At 05:37 AM 3/4/02 -0800, you wrote:
>I have a large amount of hard clay leftover from the previous art teacher.
> What is the best way to rejuvinate it to make it usable?
Here is my SIX STEP PROCESS to rework the old clay.
1. Clay must be totally dry. There is no need to break up dry clay.
Be sure it has no plaster chips in it - plaster causes pop-outs when bisque
fired. Leather hard clay or moist clay does not slake well because it is
not porous like dry clay is. Instruct students to handle the dry clay
without making dust. A lot of airborne dust is not healthy to breath (see
web page below).
2. Flood clay with clear water (or drop it into water) in something like
garbage cans. Use enough water so clay is totally under water.
3. Never stir it. Stirring stops up the porosity and prevents good
slaking (soaking to mush).
4. In a few days, even huge chunks of dry clay will slake to mush.
5. When it has turned to mush, remove extra water from top. Dip water off
or siphon it off.
6. You can stiffen the mush by allowing it to set for many months with the
To dry it faster, spread the mush a few inches thick on clean dry porous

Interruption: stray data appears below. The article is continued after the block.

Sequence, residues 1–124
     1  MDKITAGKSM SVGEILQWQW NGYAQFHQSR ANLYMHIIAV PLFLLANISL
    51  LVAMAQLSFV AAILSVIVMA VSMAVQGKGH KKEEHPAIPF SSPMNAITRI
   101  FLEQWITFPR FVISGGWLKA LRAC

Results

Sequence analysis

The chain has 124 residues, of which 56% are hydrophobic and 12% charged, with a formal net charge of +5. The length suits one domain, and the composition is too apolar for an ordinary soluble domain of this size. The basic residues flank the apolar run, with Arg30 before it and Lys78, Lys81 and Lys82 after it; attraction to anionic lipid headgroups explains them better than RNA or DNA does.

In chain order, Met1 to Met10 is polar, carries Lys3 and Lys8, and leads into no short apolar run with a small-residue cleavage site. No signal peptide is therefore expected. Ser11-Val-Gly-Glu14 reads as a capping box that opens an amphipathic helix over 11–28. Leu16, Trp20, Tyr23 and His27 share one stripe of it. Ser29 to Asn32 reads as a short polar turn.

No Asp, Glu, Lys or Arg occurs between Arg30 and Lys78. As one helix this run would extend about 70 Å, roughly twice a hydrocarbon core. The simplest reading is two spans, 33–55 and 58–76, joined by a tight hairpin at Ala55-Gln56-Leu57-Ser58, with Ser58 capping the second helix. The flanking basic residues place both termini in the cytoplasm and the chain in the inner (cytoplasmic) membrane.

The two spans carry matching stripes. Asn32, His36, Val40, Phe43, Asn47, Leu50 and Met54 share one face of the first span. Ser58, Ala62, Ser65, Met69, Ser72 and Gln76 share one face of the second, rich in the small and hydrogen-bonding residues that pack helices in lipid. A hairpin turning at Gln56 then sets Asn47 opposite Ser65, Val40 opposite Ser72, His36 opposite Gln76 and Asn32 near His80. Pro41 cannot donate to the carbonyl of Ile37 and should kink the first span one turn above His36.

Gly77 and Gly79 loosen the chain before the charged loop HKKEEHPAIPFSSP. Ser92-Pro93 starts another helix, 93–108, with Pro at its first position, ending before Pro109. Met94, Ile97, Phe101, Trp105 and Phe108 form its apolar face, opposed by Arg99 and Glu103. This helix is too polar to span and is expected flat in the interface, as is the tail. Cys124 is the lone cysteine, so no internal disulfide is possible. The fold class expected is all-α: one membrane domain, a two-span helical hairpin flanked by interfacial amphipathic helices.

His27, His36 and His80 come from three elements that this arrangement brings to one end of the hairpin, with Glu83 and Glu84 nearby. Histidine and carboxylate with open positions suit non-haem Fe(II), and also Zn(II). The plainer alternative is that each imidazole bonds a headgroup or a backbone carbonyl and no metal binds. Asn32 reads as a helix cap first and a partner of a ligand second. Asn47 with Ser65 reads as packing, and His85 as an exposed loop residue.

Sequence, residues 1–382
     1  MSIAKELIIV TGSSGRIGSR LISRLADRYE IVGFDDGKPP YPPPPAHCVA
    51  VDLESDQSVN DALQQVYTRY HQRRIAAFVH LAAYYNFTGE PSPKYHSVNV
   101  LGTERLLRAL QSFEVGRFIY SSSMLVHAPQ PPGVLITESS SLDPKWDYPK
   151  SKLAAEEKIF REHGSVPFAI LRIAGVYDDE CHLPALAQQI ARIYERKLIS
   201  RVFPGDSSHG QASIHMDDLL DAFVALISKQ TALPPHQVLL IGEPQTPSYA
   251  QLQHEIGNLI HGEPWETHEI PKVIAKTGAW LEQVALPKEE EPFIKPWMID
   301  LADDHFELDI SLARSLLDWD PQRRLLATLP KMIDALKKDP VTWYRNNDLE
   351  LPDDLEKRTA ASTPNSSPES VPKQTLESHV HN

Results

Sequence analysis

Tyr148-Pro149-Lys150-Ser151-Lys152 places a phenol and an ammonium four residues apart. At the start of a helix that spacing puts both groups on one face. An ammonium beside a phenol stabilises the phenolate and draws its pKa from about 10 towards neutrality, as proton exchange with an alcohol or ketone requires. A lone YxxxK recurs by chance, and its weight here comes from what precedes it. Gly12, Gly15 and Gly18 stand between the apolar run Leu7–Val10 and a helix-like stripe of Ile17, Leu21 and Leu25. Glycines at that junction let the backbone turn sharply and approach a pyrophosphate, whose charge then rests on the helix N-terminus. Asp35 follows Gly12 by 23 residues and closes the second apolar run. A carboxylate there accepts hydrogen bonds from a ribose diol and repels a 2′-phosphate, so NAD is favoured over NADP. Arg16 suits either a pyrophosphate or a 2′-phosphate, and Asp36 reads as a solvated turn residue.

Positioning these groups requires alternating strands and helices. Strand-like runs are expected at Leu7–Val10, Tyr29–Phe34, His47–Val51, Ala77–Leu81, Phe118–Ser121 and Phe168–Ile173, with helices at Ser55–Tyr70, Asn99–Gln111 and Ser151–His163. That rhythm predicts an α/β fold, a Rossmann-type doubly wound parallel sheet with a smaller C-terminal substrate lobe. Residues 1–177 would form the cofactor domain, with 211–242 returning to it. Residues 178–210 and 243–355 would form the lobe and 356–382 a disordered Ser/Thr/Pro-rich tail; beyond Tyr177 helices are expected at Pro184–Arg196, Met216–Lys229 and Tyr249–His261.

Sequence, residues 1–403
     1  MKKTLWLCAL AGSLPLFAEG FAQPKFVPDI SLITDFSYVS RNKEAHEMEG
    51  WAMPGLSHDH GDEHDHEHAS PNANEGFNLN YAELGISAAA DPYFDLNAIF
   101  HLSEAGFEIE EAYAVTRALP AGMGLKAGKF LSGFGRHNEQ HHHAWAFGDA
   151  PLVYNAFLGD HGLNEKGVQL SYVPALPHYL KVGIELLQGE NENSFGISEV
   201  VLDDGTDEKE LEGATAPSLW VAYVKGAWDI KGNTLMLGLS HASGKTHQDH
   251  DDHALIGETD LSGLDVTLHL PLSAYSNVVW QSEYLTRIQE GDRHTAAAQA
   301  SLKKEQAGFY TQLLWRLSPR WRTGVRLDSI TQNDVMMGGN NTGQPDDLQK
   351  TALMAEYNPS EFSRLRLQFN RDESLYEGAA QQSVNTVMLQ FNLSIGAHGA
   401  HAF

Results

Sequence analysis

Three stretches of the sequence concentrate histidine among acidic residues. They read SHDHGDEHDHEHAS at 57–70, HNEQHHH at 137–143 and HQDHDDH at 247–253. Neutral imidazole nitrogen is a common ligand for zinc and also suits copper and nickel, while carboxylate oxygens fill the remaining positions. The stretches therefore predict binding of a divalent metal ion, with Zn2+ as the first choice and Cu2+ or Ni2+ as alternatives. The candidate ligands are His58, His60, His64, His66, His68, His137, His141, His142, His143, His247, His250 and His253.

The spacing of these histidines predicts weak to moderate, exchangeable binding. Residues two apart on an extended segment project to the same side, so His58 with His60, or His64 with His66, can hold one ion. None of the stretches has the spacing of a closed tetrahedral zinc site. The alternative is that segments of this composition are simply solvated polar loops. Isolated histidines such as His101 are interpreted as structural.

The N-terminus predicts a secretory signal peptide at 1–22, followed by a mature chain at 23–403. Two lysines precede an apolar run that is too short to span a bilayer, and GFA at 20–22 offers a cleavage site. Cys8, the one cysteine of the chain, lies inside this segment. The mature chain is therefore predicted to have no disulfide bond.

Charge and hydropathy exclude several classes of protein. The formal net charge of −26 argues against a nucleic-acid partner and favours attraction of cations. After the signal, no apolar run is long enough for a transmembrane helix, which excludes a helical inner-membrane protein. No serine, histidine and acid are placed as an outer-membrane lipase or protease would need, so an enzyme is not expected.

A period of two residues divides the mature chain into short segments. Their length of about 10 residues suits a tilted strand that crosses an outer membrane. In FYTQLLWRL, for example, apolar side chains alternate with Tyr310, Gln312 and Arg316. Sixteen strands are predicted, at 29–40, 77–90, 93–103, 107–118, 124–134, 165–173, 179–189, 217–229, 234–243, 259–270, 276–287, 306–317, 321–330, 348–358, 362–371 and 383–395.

surfaces. I use, dry plaster, clean concrete, canvas, denim, etc. Smooth
the top to avoid getting small dry pieces on the surface. The breeze from
a fan at night helps and/or place it where air from a heat register hits it
(do not block the air flow). When it is nearly dry enough, I make coils as
thick as my arm and set them around like big arches (a foot tall) and they
are ready to wedge and use in 24 hours or less. This clay can be stored
forever in an airtight plastic. In ancient China, potters stored moist
clay in caves for the next generation to improve the plasticity of the
clay. If it is to be stored long-term, double wrap it. Double wrapping in
plastic bags from the supermarket works. Students can bring in hundreds of
For me, teaching art includes teaching students to how to rework clay.